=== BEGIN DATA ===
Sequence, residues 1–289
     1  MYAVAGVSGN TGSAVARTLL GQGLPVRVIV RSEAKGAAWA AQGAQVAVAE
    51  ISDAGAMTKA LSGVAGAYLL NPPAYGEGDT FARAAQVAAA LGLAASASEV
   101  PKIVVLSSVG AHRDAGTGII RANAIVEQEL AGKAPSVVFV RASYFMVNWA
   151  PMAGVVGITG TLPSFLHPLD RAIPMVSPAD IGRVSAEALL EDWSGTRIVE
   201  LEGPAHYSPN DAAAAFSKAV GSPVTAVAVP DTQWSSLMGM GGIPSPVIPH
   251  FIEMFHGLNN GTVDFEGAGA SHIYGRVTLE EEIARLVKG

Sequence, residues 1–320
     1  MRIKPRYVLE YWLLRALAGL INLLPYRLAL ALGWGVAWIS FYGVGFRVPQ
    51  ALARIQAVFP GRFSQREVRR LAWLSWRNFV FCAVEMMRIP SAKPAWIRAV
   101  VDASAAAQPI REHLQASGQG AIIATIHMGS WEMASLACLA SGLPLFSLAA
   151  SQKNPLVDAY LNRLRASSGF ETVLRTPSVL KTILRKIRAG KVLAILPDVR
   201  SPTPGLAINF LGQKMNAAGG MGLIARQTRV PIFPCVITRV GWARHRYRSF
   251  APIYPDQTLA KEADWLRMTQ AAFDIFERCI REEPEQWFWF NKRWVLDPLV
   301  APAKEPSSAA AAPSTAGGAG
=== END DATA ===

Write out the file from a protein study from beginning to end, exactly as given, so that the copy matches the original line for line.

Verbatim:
Sequence, residues 1–289
     1  MYAVAGVSGN TGSAVARTLL GQGLPVRVIV RSEAKGAAWA AQGAQVAVAE
    51  ISDAGAMTKA LSGVAGAYLL NPPAYGEGDT FARAAQVAAA LGLAASASEV
   101  PKIVVLSSVG AHRDAGTGII RANAIVEQEL AGKAPSVVFV RASYFMVNWA
   151  PMAGVVGITG TLPSFLHPLD RAIPMVSPAD IGRVSAEALL EDWSGTRIVE
   201  LEGPAHYSPN DAAAAFSKAV GSPVTAVAVP DTQWSSLMGM GGIPSPVIPH
   251  FIEMFHGLNN GTVDFEGAGA SHIYGRVTLE EEIARLVKG

Sequence, residues 1–320
     1  MRIKPRYVLE YWLLRALAGL INLLPYRLAL ALGWGVAWIS FYGVGFRVPQ
    51  ALARIQAVFP GRFSQREVRR LAWLSWRNFV FCAVEMMRIP SAKPAWIRAV
   101  VDASAAAQPI REHLQASGQG AIIATIHMGS WEMASLACLA SGLPLFSLAA
   151  SQKNPLVDAY LNRLRASSGF ETVLRTPSVL KTILRKIRAG KVLAILPDVR
   201  SPTPGLAINF LGQKMNAAGG MGLIARQTRV PIFPCVITRV GWARHRYRSF
   251  APIYPDQTLA KEADWLRMTQ AAFDIFERCI REEPEQWFWF NKRWVLDPLV
   301  APAKEPSSAA AAPSTAGGAG